The Gravity of Time

My brother graduates from high school next week, and he moved out of parents’ house this past weekend. I really can’t believe it. I remember vividly the day we brought him home; I was eleven when he was born. Over the years, I helped change his diapers and I helped him with his homework. I encouraged him. I fussed at him and I occasionally tanned his hide for him when he needed it. I watched him struggle with acne. I watched him excel at school. I told him he needed to grow up a million times when he was acting like a turd. Now he is. Grown up, I mean.

He’s still a turd most of the time too, but that’s besides the point.

How exactly did he get this old? Didn’t I just graduate high school? How did so much time fly by? I want the answers to these questions. And most of all, why don’t I feel this old? I am on the inside of my body, and I’m watching as the outside is garnering the effects of age. A fine line here. A little paunch there. The gravity of time takes the beauty of all.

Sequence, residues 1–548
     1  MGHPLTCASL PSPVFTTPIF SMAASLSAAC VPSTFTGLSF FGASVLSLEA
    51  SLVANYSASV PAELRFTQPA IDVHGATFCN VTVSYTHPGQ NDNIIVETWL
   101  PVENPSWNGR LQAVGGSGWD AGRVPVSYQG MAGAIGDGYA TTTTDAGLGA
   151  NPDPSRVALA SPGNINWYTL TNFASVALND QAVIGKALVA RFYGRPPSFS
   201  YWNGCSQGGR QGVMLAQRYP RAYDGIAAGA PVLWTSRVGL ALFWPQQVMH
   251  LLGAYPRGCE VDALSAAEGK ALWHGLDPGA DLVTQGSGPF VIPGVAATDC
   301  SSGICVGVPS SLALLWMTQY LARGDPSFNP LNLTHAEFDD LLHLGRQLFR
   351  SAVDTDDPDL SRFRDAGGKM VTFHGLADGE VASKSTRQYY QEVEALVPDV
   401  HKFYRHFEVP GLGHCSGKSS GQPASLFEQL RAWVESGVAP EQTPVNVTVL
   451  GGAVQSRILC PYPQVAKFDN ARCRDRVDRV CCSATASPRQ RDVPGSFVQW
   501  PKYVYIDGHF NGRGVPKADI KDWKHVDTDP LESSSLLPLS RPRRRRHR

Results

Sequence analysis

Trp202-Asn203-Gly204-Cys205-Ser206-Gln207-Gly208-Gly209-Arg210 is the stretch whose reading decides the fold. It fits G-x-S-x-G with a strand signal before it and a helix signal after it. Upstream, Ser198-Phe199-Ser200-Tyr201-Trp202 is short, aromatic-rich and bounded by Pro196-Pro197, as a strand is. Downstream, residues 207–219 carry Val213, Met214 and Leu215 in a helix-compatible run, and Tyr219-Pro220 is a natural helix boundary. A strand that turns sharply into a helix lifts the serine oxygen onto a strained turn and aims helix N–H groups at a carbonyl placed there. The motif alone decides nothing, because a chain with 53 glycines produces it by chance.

I guess I’m also a wee bit jealous. Don’t get me wrong, I love my life, but I’ve never been much for planning the future. I find that the present moment demands every ounce of my attention. It’s both a blessing and a curse. My life may not be a dream, but I’m relatively happy at least. What I’m truly jealous of is all that potential. Don’t you remember what that was like? To have all those choices before you? To have all that power to shape your life? To be whatever person struck your fancy? I wish I had paid more attention back then, been more deliberate, chose my path instead of floating along the way I did. I suppose that’s a choice I made too.

I’ve been trying to find the words to explain this to my brother, but I am not gifted in the oratory department. I stumble over my words in real life conversation. I don’t really think it matters anyway. Like all eighteen year olds, he alone holds the secrets of the universe.

But if I could, I would do my best to impress upon him the gravity, the seriousness, of time; that we only get so much of it. Don’t waste it. Don’t regret how you spent it. Look to the future, but try not to worry too much about it. Be deliberate, but don’t let planning take your joy. Put your feet on the path to take you where you’d like to go, and then go do something fun. Make choices, and make sure your good ones are what defines you. Regard things from an eternal perspective, not a temporal one. Be carefree until you find a reason worthy enough not to be.   And in the infamous words of Jack Dawson, make every moment count. God only gives us so many on this earth.

Maybe it’s not too late to take my own advice.

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